55% of surveyed non-binary students and recent graduates had experienced sexual violence (Revolt Report, 2018)






Also, the issues we’ve mentioned aren’t exclusive to these universities or to universities in general. They’re just the ones that made the papers. Many more stories are swept under the carpet, or go untold because survivors don’t think they’ll be believed. Of the students who choose to raise issues with their institution, many face long, confusing and painful disciplinary processes, which aren’t always handled correctly. Sometimes, the university won’t do anything at all, or will only react to public pressure. And even then, many feel shame or embarrassment, or know of people who weren’t believed. Consent is complex and can be easily broken. Sometimes, it’s even uncertain whether or not something was sexual assault.


This goes to show how important it is to recognise that tackling sexual misconduct at UK universities and other forms of harassment falls under global issues. As part of our campaign we spotlight and focus on relevant events throughout the year such as Black History Month in which we dedicated the platform to intersectional issues of racism and gendered racial violence as well the recent 16 Days of Activism Against Gender-Based Violence. For the latter we generated and shared content that incorporated our research and on what the 16 Days covered. Our campaign is an intersectional and inclusive one but we recognise that the issues we cover heavily encompass an element of gendered violence, as well as the rape culture that is reflective of issue of society as a whole. Around the world, laws govern women’s rights to healthcare and their bodies, inform what is internalised by those growing up in our globalised world and may lead to entitlement of women’s bodies and individuals in people's daily lives. High profile cases that blame victims for their choice of underwear or sexual histories send out the message that there may be a possibility of “leading a perpetrator on” or soliciting one’s own assault rather than the important message that consent in every instance should be clear, communicated and freely given.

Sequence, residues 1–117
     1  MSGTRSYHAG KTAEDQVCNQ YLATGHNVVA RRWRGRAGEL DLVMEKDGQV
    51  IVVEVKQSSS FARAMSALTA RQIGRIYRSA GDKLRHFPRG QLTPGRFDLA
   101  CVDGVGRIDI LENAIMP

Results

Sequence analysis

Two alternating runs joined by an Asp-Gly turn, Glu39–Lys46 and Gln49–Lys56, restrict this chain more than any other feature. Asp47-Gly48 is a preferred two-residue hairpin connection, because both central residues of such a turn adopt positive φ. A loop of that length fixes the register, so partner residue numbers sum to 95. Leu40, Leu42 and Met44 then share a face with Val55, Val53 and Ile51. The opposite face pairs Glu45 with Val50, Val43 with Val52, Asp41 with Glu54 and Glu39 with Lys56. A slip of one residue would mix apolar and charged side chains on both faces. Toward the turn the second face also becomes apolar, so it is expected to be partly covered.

When asked why they didn’t report sexual crimes to their university, 56% of those surveyed replied that they didn't feel that it was serious enough. 35% said they felt too ashamed and 29% said they didn't know how.

(Revolt Report, 2018)






Clearly, tackling sexual misconduct at UK Universities is just the tip of the iceberg. Are UK Universities doing enough to protect students from sexual misconduct? Universities say they’re trying. But are they trying hard enough? Clearly, sexual misconduct policies are the start of dismantling something much bigger. Yes, that iceberg is too great to be broken down in one but by helping us to pressure them to take some of the actions we’ve mentioned, we can make a start at chipping away at it.


By Reclaim the campus- A campaign ran by students (and recent graduates) for students - to address the prominent issue of sexual harassment and assault in Higher Education.